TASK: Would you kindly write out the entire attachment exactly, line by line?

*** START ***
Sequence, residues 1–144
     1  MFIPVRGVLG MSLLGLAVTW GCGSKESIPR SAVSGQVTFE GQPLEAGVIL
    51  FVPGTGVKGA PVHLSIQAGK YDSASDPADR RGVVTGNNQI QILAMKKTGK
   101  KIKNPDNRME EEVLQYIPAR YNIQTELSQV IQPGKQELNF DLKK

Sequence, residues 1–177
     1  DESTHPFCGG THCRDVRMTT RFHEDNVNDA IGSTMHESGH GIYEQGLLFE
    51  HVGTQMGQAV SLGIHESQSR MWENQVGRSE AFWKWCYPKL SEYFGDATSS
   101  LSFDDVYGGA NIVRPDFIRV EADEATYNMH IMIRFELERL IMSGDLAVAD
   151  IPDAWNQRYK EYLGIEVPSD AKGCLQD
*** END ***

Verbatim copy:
Sequence, residues 1–144
     1  MFIPVRGVLG MSLLGLAVTW GCGSKESIPR SAVSGQVTFE GQPLEAGVIL
    51  FVPGTGVKGA PVHLSIQAGK YDSASDPADR RGVVTGNNQI QILAMKKTGK
   101  KIKNPDNRME EEVLQYIPAR YNIQTELSQV IQPGKQELNF DLKK

Sequence, residues 1–177
     1  DESTHPFCGG THCRDVRMTT RFHEDNVNDA IGSTMHESGH GIYEQGLLFE
    51  HVGTQMGQAV SLGIHESQSR MWENQVGRSE AFWKWCYPKL SEYFGDATSS
   101  LSFDDVYGGA NIVRPDFIRV EADEATYNMH IMIRFELERL IMSGDLAVAD
   151  IPDAWNQRYK EYLGIEVPSD AKGCLQD